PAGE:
Political society

Laredo Film Society to Screen ‘Rocketman’ and Host Pride Month Party

Pride month is in full swing in Laredo, and a local organization is kicking off its celebrations by hosting a film by one of the most iconic members of the LGBTQIA+ community since the 1970s.

The Laredo Film Society will host a screening and party showing Elton John’s biopic “Rocketman,” Saturday at 7 p.m. at the Los Olvidados Coffee Shoppe, 309 Flores Avenue.

Admission is $10 and an after party will take place after the screening.

“We will be hosting a screening of Dexter Fletcher’s Elton John biopic ‘Rocketman’ in 2019 at the Los Olvidados Coffee Shoppe,” said LFS co-founder and board member Gabriela A. Treviño. “LNF Distributors is sponsoring the event and will be on hand with drinks for ages 21 and up. After the movie, there will be two back-to-back DJ sets from DJ Brava and DJ Bratty Prince for those who wish to dance and keep the party going in the night.

According to Trevino, the Laredo Film Society celebrates Pride Month because it wants to celebrate the accomplishments of the LGBTQIA+ community and establish itself as an openly allied organization.

Trevino also states that the reason they chose the Elton John film was that it is a positive motley film instead of focusing on the negative connotations associated with belonging to the community.

“‘Rocketman’ falls within the theme of Pride Month as it is a celebration of the life and accomplishments of award-winning musician Elton John,” she said. “We specifically chose this particular movie because we wanted something uplifting rather than sad or outrageous. Unfortunately, gay-themed movies tend to exploit these narratives, and we wanted to go in a different direction.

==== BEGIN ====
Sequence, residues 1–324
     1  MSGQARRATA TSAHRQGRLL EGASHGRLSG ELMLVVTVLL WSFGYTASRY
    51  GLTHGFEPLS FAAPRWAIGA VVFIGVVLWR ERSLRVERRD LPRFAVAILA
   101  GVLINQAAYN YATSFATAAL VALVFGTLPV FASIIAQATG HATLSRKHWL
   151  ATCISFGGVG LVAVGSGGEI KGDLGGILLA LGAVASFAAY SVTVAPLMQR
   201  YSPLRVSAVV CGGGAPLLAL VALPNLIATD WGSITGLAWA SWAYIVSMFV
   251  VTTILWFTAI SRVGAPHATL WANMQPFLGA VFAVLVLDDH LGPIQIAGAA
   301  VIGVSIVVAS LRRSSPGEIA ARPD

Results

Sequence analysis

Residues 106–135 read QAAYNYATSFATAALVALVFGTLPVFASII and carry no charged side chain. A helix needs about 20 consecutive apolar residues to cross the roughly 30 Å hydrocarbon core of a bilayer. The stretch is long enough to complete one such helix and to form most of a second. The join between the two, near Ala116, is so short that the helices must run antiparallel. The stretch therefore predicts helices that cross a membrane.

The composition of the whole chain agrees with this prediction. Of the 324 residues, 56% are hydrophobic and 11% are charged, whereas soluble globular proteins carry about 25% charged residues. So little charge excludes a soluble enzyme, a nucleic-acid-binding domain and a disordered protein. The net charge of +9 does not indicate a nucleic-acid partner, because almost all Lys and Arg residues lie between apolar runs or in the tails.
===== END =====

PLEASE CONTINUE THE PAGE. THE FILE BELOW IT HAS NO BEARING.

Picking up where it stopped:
The LFS co-founder says things are better for the community than they were just two or three decades ago. However, she said there are still a lot of people who are afraid to come out these days because some elements of the city’s culture are not very tolerant.

“In 2022, Laredo is in a very different state than it was in the 1990s and 2000s when I was growing up,” Trevino said. “However, it’s still a long way to go in terms of acceptance. Knowing that people are still afraid to come out in Laredo is heartbreaking. Knowing that families are rejecting loved ones after coming out is infuriating.

Trevino hopes that continuing to celebrate Pride Month every year in Laredo and having many organizations like the LFS join the cause can help increase awareness and cultural acceptance in the community.

“We would like to extend our family and the community that we have created to those people who feel rejected,” Trevino said. “I don’t know how we can change people to be more accepting of the LGBTQIA+ community, as homophobia is deeply rooted in many cultural, religious and political practices within our community. However, I do know that there are many people who love their brother, sister, mother, father, friend, regardless of gender or sexual orientation.